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When a new version of one of my Go apps is ready, I usually want to build and package the binary for multiple platforms. This can easily be done in a shell script, but Make brings a bonus: it can run multiple builds at the same time.
In case you’ve worked with make before, skip this section! If not: let’s see what a basic makefile looks like.
Make defines targets, these are things that need to be done. Usually a target represents a file that has to be created. Every target contains a list of commands that have to be executed, we call that the recipe. Make will only execute the recipe if a file with the same name as the target does not exist. If your target does not represent a file, it’s a phony target.
mytarget: echo Hello world. space: mytarget foo echo "I'm in space." foo: echo I am run only once touch foo .PHONY: mytarget space
The above makefile contains 3 targets:
space. The second target tells us that it needs both other targets, so when you call
make space, make will also execute
At the bottom of the file we define a special .PHONY target: Here we simply tell make which targets are phony targets. Those do not represent a file on disk. As we usually don’t compile separate Go files, most of our targets will be phony targets.
Let’s see what this does: save the file as
Makefile and run
make space in the same directory:
$ make space echo Hello world. Hello world. echo I am run only once I am run only once echo "I'm in space." I'm in space.
Notice that make always tells us what command it is executing. You can hide a command by prefixing it with @. As we’ll be executing multiple targets concurrently, it may be useful to see which commands are running.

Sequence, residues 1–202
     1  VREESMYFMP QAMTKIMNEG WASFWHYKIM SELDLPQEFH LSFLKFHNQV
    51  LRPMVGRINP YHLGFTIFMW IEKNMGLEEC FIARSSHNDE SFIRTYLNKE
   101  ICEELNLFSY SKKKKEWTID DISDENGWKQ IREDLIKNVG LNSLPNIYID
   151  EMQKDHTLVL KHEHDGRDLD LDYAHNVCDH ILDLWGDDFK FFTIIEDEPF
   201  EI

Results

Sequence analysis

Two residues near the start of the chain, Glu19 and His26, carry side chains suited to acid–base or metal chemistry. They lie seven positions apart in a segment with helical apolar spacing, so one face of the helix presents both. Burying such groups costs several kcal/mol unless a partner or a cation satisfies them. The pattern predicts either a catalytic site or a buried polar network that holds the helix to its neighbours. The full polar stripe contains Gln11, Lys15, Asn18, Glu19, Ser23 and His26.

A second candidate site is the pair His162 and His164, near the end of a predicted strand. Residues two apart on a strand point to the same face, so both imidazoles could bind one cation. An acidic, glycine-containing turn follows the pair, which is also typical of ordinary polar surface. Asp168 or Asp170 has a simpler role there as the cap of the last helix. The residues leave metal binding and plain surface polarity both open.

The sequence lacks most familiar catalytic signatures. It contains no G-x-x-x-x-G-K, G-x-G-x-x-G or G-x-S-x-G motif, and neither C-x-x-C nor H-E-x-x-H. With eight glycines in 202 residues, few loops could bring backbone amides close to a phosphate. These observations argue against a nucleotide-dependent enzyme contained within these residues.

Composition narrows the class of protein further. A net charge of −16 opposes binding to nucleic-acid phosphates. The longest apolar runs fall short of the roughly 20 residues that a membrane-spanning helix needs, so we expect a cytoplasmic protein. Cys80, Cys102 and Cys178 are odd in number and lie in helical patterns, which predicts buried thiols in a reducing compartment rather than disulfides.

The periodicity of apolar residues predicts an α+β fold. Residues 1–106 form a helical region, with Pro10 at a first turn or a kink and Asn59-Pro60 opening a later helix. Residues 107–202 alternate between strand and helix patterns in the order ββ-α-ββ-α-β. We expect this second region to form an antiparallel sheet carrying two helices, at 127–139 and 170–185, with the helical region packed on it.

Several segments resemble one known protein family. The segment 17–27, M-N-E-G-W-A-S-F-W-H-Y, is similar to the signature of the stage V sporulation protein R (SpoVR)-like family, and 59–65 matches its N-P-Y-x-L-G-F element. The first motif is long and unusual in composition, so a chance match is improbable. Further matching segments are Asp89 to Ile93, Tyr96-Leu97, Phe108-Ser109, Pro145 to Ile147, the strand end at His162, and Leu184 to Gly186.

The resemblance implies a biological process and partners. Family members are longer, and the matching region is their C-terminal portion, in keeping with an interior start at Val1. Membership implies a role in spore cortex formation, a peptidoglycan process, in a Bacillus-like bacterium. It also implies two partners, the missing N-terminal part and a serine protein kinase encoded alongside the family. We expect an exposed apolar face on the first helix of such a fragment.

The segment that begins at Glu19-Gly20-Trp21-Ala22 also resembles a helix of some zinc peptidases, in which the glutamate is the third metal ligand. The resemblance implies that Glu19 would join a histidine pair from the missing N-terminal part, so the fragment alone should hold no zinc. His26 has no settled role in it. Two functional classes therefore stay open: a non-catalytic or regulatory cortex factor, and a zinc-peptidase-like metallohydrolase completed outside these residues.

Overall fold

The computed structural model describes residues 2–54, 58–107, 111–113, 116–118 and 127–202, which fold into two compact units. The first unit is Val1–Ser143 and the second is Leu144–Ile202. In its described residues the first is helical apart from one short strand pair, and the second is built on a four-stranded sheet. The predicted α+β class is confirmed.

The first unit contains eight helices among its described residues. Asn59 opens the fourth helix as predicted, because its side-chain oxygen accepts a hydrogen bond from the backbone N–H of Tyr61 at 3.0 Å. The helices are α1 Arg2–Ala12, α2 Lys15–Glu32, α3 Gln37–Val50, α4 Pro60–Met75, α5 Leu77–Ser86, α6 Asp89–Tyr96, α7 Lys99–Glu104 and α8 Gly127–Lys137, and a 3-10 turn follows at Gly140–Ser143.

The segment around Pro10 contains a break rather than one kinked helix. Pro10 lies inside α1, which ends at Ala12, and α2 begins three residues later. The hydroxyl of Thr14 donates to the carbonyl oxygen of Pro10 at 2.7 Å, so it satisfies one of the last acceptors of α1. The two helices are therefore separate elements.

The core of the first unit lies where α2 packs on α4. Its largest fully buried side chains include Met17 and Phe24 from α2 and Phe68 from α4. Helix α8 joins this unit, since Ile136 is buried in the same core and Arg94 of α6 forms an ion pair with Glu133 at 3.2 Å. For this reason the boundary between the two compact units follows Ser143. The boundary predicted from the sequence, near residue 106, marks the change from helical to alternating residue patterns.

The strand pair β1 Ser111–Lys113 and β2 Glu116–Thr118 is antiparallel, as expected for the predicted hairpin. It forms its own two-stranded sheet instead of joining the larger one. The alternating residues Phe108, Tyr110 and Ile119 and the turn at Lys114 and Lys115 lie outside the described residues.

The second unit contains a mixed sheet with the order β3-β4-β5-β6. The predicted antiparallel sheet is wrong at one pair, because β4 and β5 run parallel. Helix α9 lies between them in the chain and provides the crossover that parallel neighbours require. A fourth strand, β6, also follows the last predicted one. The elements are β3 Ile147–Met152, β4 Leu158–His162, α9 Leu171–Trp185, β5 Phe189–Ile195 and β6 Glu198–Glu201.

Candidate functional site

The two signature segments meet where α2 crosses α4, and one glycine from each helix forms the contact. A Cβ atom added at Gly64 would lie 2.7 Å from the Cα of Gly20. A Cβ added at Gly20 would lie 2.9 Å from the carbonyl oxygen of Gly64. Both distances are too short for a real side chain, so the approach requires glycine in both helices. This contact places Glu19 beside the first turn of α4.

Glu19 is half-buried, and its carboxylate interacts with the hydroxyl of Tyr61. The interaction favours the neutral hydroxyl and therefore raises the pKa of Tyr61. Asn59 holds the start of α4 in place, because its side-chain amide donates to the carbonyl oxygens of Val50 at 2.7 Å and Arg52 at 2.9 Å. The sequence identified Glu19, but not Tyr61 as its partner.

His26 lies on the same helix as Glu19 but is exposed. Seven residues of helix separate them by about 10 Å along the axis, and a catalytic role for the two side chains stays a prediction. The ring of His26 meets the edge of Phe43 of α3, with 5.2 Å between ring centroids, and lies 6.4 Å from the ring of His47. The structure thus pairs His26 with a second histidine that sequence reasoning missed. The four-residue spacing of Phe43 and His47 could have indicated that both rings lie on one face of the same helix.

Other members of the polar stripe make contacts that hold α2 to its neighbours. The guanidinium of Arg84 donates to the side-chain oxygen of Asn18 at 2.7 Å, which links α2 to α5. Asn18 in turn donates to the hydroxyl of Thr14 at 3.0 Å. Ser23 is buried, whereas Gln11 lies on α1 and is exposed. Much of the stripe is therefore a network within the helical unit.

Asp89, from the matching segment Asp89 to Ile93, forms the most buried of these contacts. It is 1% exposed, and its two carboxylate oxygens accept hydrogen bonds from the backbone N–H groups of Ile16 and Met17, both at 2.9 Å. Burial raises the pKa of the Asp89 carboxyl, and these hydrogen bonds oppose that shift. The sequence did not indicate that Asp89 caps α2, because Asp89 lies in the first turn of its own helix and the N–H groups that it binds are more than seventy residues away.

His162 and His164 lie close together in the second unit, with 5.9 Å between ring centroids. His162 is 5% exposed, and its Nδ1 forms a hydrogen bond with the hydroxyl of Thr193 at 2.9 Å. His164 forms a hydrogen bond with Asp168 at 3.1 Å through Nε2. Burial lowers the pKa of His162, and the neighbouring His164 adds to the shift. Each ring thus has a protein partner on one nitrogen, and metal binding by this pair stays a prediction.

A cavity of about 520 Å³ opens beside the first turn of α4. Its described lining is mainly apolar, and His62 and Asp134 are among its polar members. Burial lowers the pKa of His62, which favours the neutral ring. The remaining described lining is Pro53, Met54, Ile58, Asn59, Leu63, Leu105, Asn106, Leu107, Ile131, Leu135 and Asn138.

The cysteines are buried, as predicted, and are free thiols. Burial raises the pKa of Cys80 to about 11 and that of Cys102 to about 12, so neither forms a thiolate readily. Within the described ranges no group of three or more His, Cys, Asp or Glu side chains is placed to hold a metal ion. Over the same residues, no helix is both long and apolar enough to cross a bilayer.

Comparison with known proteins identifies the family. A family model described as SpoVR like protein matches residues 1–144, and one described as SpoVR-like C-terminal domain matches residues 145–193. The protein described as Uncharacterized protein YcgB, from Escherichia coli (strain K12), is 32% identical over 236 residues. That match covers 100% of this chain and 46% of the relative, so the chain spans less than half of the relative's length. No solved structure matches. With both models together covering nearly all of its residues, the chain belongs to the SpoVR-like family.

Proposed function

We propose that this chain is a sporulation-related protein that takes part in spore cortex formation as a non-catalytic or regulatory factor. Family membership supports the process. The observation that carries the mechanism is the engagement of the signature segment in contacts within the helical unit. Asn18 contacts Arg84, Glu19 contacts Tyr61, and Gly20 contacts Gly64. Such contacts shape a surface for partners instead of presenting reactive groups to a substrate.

make space again. You’ll see that the
foo target is not run anymore. That’s because we created a file named foo and
foo is not a phony target.
GNU Make has two types of variables. When we assign to a variable with
:= the contents is evaluated at the time the variable is declared. If we use just
= the contents is evaluated every time we use the variable.
MYVAR := Hello there! I am currently in $(shell pwd) PWD = $(shell pwd)
pwd shell command will be executed every time we use variable
$(PWD) in the makefile, while
$(MYVAR) will always contain the same value.
Make supports running multiple targets at the same time. This means that we need a separate target for every GOOS and GOARCH in order to take advantage of the concurrency.
A simple way to do this would be:
linux: GOOS=linux GOARCH=amd64 go build ... windows: GOOS=windows GOARCH=amd64 go build ... release: windows linux .PHONY release windows linux
This builds both linux and windows binaries when we call
make release. We can improve this Makefile by looping over the platforms and architectures we want to build:
PLATFORMS := linux/amd64 windows/amd64 release: $(PLATFORMS) $(PLATFORMS): echo Hello, I am $@ .PHONY release $(PLATFORMS)
What we do here is create a target that contains all possible platforms. Every platform is a separate target, just like it was in the previous Makefile. That also means that we have to add every platform to the phony list. Luckily, we can do that using the same variable. Inside the recipe we can use the special
$@ that contains the name of the current target.
The next part is a bit harder, we need to separate OS and ARCH. Remember that variables can be evaluated at runtime? We’ll use that feature to create an
temp = $(subst /, ,$@) os = $(word 1, $(temp)) arch = $(word 2, $(temp))
String manipulation functions in make are limited, so we have to be a bit creative here. We’ll use these variables inside the
$(PLATFORM) target. Remember that
$@ contains the name of the current target? When we replace the slash in this string we can use the
word function to get the first and last part.
Combined with our previous Makefile, this becomes:
PLATFORMS := linux/amd64 windows/amd64 temp = $(subst /, ,$@) os = $(word 1, $(temp)) arch = $(word 2, $(temp)) release: $(PLATFORMS) $(PLATFORMS): GOOS=$(os) GOARCH=$(arch) go build -o '$(os)-$(arch)' mypackage .PHONY release $(PLATFORMS)
Note that variables can only be set outside the recipe. As the contents is only evaluated when we use them, it still contains the correct value.
We now have a Makefile that creates binaries for the platforms we listed in the
$(PLATFORMS) variable. When we call
make release it builds everything we asked, one by one. The main reason to use make is the easy concurrency: simply call make with the
-j n argument, where n is the number of simultaneous jobs.